PostWed Jun 06, 2018 11:51 am

Church Street is really not great in terms of architecture. I wouldn't want a new building to pastiche whats there already as I don't think there are any buildings worth pastiching (if thats a word). This addition - in my opinion - has to be relatively bland to fit in. Had it been something ambitious and cutting edge it would have detracted from the church and would have been much worse (again in my opinion).

The new building - with 4 tenants already lined up - will create a huge amount of activity in a relatively narrow street. I think it will be a mini version of Mill Lane (another road with relatively modest architecture) and may create some further activity in High Street.
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paul cardiffwalesmap

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Re: Church St development

PostWed Jun 06, 2018 12:10 pm

Interesting that Church St Harvester closed down the other day - let's hope the plot is occupied by a bar/restaurant that fits in well with 'the new church st'. It's probably a reasonable size, we'll have to watch that space.
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cardiffian

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Re: Church St development

PostWed Jun 06, 2018 12:16 pm

RandomComment wrote:Clearly the context of a building matters for its design. I would have thought its a view held by most architects. Bodies like the DCfW certainly do. That includes scale, massing, and yes - design.


Usually the above are just ways to justify a design choice and get planners to agree to a design. Thats is a different thing than saying a building must reflect what is a round it at the time it is built because there is some deeper principle of beauty or style found in emulating the current landscape. The reason some planners like homogenous design is for the same reason some people do, its just opinion. Different planning team different opinion.

Think it through, how often is this really the case that a built environment is homogenous? Walk down almost any street and any city in the world ( even Paris ) and what you'll find many examples of buildings at contrast to their surroundings. Whether you think they detract or not is just a matter of opinion.
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Karl

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Re: Church St development

PostWed Jun 06, 2018 2:00 pm

Re Harvester the Wales Online article quotes the Mitchells and Butler website (who own the brand) as saying

A statement also appeared on the web page for that particular branch which reads: "We have now closed our doors as Harvester restaurant to make way for something new and exciting."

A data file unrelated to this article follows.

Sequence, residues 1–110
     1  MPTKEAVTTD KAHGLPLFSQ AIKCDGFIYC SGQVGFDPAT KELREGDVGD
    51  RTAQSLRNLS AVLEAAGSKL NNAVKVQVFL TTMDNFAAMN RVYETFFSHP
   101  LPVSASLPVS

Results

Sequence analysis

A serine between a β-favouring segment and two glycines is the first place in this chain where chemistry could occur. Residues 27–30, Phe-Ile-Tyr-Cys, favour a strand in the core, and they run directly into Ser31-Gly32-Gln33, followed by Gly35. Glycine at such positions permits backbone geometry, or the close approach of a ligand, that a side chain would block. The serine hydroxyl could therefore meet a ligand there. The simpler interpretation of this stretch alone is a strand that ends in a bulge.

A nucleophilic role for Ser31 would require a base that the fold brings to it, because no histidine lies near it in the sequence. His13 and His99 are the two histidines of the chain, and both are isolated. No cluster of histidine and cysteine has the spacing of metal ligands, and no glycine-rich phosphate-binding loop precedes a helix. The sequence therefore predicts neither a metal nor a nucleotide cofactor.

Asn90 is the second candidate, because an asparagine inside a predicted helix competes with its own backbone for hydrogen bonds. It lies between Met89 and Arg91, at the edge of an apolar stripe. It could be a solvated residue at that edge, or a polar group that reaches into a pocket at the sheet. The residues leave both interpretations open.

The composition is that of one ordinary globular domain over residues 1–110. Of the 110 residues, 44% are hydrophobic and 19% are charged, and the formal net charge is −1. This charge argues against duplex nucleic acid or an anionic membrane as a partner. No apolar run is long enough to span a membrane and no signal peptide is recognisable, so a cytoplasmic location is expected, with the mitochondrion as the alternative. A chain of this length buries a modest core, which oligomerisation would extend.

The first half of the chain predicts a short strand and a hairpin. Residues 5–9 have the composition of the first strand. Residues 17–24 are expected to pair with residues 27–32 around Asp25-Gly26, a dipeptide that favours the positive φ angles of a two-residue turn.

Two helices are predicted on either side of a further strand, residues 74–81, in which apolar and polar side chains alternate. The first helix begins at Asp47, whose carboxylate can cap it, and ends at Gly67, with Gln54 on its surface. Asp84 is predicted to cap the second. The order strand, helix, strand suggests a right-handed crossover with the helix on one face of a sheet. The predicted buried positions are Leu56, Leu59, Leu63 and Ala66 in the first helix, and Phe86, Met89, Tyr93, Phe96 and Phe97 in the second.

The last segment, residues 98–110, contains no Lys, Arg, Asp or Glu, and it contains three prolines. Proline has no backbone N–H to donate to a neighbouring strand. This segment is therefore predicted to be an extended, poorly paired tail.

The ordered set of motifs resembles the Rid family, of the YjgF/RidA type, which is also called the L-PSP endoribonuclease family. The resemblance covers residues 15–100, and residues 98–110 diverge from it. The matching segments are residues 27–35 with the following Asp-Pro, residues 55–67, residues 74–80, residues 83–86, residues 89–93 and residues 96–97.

That may suggest that they will be using the premises for one of their other brands. They own All Bar One which doesn't have a branch in Cardiff, Browns (which was open but shut down a few years ago), Miller and Carter, O'Neils etc
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Simon_SW17

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Re: Church St development

PostWed Jun 06, 2018 2:28 pm

Karl wrote:Re Harvester the Wales Online article quotes the Mitchells and Butler website (who own the brand) as saying

A statement also appeared on the web page for that particular branch which reads: "We have now closed our doors as Harvester restaurant to make way for something new and exciting."

That may suggest that they will be using the premises for one of their other brands. They own All Bar One which doesn't have a branch in Cardiff, Browns (which was open but shut down a few years ago), Miller and Carter, O'Neils etc


Ugh, not another Miller & Carter, there's a huge one on The Hayes nearby so doubt it. Brown's would be better, All Bar One would be ok too. Always thought opening a Harvester in town was very odd.
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Karl

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Re: Church St development

PostFri Jun 08, 2018 11:09 am

Looks like the Harverster will now be called the Head of Steam. This appears to be a chain (mostly northern) run by Camerons Brewery with craft beers, cask ales, live music etc. See link for a taster -

http://www.theheadofsteam.co.uk/

This will compliment/be in competition with the Crafty Devil outlet which will take over Small Bar next door. Church Street will be somewhat different by the end of next year.